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13 of 14 people found the following review helpful By Omoni on August 13, 2008
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Daughter headed to Korea for a year and I purchased this book for her. Small and concise and full of great information on customs, traditions, do's and don't's for those unfamiliar with the Korean culture. Very informative yet small enough to tote aound and read whenever there were a few minutes. This book would be most helpful to anyone traveling to Korea and wanting to be sure to behave properly and not be offensive simply by doing whatever is done in the United States.
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10 of 13 people found the following review helpful By Callie on April 28, 2011
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Much informations are useful perhaps at the time between the late 80's to the early 00's. Korea have progressed alot from how the book has put it. Yes, some of the information offered are still accurate but much can now be classified as for "history" purposes. If you are looking for a guide in society in present day (2010 onwards), this is not your kind of book. You'll probably be better off by just watching korean dramas at learning how the society works than relying on this book.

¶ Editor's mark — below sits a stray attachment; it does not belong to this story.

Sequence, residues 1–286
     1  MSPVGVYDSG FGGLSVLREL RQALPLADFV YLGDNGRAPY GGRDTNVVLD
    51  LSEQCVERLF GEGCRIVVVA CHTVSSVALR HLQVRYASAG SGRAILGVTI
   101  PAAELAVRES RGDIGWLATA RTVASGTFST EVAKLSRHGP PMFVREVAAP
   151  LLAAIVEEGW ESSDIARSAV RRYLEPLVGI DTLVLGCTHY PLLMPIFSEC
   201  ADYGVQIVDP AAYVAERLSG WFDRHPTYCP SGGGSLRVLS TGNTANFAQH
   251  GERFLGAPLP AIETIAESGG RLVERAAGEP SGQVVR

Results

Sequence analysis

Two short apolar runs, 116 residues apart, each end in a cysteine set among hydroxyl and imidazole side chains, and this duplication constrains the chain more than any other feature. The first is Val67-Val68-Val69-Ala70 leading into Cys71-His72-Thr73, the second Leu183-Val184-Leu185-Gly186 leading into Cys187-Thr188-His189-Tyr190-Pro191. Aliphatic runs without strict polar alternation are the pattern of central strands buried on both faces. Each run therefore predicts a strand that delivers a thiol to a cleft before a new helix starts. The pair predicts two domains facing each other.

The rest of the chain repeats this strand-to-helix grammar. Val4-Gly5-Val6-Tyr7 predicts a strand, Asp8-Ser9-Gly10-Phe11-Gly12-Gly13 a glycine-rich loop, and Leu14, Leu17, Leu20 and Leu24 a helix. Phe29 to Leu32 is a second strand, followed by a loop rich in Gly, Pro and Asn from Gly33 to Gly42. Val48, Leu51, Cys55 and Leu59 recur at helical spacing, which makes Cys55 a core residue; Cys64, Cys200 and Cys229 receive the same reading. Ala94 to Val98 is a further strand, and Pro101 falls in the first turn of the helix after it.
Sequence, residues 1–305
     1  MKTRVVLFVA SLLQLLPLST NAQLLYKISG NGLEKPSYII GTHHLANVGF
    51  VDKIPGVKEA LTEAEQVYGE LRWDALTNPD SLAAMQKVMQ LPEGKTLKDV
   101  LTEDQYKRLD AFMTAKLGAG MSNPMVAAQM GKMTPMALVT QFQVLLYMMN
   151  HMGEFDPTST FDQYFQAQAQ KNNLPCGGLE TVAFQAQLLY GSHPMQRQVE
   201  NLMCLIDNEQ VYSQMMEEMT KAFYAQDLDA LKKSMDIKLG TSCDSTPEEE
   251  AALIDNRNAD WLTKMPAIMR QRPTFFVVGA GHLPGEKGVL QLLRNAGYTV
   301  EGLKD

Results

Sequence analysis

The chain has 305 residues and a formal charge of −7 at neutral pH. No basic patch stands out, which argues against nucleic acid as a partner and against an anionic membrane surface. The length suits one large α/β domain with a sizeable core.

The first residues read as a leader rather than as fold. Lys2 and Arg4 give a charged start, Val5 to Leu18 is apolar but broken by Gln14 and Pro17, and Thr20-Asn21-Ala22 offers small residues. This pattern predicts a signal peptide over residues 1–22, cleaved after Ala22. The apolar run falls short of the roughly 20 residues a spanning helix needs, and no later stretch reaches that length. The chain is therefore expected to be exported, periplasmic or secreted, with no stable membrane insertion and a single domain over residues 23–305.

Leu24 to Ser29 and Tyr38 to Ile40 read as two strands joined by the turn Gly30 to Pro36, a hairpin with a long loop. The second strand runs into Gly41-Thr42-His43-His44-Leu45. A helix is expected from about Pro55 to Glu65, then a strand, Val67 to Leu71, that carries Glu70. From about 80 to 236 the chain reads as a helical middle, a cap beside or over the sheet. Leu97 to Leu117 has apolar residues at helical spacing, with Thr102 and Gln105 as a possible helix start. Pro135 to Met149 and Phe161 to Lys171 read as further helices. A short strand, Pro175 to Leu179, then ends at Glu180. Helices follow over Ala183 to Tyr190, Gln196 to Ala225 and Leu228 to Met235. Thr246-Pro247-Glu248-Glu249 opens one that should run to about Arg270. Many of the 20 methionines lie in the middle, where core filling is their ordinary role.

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8 of 10 people found the following review helpful By Blanca on May 23, 2009
Format: Paperback
This books talks a little bit about korean history at the begining, and then it talks about traditions and things to do/not to do in Korea. I really enjoyed reading it.
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5 of 6 people found the following review helpful By K. Southern on July 13, 2008
Format: Paperback
This little book has helped me prepare to move to Korea. It is pocket-sized and easy to whip out while waiting in the passport line at the post office (haha). The author tried to balance information between the 2 Koreas, and you definitely get the feeling that he knows what he is talking about.
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2 of 2 people found the following review helpful By Esperanza Reynolds VINE VOICE on February 25, 2010
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We acquired two DVDs and this pocket book in support of a young man deployed and stationed in South Korea.